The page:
Dare to Be A Daniel

November 18, 2016 0 Comments

To My Faithful Readers:
Well, it is finally here! My book "STRENGTH FOR TODAY" has now been published and is available in both hard copies ($44.99) and e-book download for Kindle ($9.99). Can be ordered either through the publisher Xulon Press Online Bookstore, or Amazon. Sorry it is so expensive, but that is because it is the size of a J.C. Penney catalogue. Here is another "sample", the devotional message for November 19th from the book.

Dare to Be a Daniel

But Daniel purposed in his heart that he would not defile himself with the portion of the king’s meat, nor of the wine which he drank; therefore he requested of the prince of the eunuchs that he might not defile himself.” (Dan. 1:8)

Daniel was just a youth (teenager) when he was taken prisoner of war to Babylon, along with his three friends (Hananiah, Mishael, and Azariah). Immediately they were enrolled in a school for the purpose of re-educating them in the ways and customs of pagan Babylon. This retraining program was done to make them become loyal subjects of the kingdom. It was what we call brainwashing. According to Daniel, chapter 1, there were at least 3 aspects to this retraining or brainwashing:

First, his name was changed.

A key factor in the entire brainwashing process was a name change. This was so that an enrollee’s very identity would now be associated with pagan gods instead of the Lord God of Israel. His religious “roots”, his former traditional beliefs, had to be forgotten. Daniel’s name was changed from Daniel, which means “God is my Judge”, to Belteshazzar, which means “Bel protect the king.” The god of Babylon was Bel, sometimes called Marduk. The Babylon school for retraining Jewish captives had one goal: to get the Jewish young men to forget their past and learn a whole new way of life.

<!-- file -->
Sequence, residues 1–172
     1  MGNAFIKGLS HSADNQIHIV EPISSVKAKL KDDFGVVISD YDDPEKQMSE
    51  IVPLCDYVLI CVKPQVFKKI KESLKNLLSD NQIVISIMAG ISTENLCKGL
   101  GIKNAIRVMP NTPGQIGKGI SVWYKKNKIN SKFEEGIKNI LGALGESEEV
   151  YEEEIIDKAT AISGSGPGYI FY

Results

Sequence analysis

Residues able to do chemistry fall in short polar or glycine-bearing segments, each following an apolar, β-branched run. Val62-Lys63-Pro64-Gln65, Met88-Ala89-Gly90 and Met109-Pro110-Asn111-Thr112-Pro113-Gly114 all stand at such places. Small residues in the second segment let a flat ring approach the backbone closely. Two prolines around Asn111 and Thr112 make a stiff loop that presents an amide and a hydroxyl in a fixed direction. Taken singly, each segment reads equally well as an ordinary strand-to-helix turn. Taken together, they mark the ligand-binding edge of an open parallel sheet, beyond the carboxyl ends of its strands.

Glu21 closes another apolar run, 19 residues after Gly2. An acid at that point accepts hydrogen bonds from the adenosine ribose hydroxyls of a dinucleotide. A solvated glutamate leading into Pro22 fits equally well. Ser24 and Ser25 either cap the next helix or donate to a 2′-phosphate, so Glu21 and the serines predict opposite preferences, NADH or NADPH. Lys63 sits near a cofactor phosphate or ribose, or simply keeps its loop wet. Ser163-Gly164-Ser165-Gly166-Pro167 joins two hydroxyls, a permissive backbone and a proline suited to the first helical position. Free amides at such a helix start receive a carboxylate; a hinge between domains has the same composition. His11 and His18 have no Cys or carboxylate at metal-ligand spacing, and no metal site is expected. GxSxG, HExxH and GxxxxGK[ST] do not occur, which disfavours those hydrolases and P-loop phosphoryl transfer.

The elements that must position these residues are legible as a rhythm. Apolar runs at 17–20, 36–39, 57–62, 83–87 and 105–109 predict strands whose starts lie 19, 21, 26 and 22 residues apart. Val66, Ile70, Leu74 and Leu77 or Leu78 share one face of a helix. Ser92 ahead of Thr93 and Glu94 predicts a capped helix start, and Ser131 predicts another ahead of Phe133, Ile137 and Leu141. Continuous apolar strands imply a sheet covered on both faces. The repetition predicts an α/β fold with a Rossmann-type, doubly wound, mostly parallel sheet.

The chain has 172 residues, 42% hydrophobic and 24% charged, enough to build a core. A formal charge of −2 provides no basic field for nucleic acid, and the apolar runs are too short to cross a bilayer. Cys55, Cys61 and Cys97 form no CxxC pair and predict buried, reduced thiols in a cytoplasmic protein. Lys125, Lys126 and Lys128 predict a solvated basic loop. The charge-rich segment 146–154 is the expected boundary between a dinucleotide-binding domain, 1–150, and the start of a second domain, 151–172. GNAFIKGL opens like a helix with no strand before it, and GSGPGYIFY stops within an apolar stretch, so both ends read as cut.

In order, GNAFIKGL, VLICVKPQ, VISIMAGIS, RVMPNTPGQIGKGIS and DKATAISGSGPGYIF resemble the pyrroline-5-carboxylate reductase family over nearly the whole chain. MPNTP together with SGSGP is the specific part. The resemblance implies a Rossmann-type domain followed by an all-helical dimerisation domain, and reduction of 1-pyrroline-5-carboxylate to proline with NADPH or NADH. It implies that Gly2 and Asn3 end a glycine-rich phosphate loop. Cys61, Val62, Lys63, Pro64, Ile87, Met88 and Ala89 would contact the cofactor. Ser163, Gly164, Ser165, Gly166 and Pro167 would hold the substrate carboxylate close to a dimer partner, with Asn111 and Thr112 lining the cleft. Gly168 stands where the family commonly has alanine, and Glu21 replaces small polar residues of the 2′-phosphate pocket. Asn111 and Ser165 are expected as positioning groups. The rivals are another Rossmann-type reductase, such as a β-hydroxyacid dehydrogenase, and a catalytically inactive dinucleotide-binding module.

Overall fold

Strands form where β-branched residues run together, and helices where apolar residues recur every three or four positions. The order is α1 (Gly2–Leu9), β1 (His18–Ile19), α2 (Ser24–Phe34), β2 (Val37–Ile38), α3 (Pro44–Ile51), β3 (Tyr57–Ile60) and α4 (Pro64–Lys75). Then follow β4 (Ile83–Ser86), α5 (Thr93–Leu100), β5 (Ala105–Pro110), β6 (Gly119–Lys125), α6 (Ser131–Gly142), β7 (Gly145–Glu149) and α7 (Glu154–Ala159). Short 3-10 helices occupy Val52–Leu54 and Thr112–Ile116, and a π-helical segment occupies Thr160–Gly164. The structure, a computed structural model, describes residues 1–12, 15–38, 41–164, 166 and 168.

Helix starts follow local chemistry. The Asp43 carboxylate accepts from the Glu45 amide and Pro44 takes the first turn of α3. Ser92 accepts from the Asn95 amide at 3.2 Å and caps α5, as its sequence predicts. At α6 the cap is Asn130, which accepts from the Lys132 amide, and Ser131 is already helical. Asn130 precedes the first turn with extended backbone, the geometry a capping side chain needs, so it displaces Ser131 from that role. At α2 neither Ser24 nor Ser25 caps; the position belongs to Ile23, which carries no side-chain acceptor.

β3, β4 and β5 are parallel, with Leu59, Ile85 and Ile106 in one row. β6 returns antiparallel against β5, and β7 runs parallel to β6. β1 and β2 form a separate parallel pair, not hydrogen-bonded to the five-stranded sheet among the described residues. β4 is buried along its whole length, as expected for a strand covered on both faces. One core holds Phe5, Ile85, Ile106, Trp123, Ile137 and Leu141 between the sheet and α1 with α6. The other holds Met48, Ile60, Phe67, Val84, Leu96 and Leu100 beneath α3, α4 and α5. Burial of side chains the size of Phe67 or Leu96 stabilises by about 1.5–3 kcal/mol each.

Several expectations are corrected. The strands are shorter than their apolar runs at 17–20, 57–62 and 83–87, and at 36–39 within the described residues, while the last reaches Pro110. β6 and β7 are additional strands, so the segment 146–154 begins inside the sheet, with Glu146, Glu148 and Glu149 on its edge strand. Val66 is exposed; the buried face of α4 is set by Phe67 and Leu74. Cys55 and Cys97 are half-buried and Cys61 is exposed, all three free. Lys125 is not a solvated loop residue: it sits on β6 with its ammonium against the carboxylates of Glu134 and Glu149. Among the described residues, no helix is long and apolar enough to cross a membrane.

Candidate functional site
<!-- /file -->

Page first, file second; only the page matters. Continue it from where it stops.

Second, he was promised a good political position.

Daniel was being trained to serve in the king’s court as a devoted political appointee. The lure of fame and fortune was the “bait” Babylon used to convert a young man from a poor prisoner to a promising political advisor.

Third, he was treated to a luxurious lifestyle.

While in training, Daniel was offered all the delicacies and delights of the king’s table. He was wined and dined. The ulterior motive, of course, was to spoil him with luxurious living so that he would set aside all his previous religious inhibitions. He was expected to eat the king’s meat, and drink the king’s wine. So, what exactly was wrong with that?
It is vital to understand why Daniel “purposed in his heart that he would not defile himself.” The pagan food and drink was devoted to idols. He was being forced to raise his glass of wine and praise the gods of Babylon, and the king. This he could not do. The meat and the wine were not, in and of themselves, wrong. What made them wrong was that they were dedicated to, and associated with, pagan worship. And note the way Daniel handled this. He wasn’t obnoxious, belligerent, or “holier than thou.” The Bible says he “requested of the prince of the eunuchs that he might not defile himself.” Herein is a good lesson for Christians today. When faced with the pressure to conform to non-Christian practices and lifestyles, make your appeal to those in authority in the form of a request. Ask to be exempted for your conscience’s sake.

Oh how we need more Christians today who stay true to their convictions, their religious roots, their Biblical values! May we, like Daniel, “purpose in our hearts not to defile ourselves.”

Think About This

How do our secular colleges and universities seek to “retrain” Christian young people to think according to their left-wing liberal, secular-humanistic philosophies? Why is it such a temptation for your children (and all Christian kids who go to these universities) to reject all that you have taught them--you know, those "old fashioned traditional views"? What can we do to make sure they hold fast to their spiritual "roots", and stay true to your Christian values and convictions?

Richard Seefried
Harrisonburg, VA
Richard Seefried has a Master’s Degree in Christian Ministry, and is licensed & certified by the NCCA as a clinical pastoral counselor.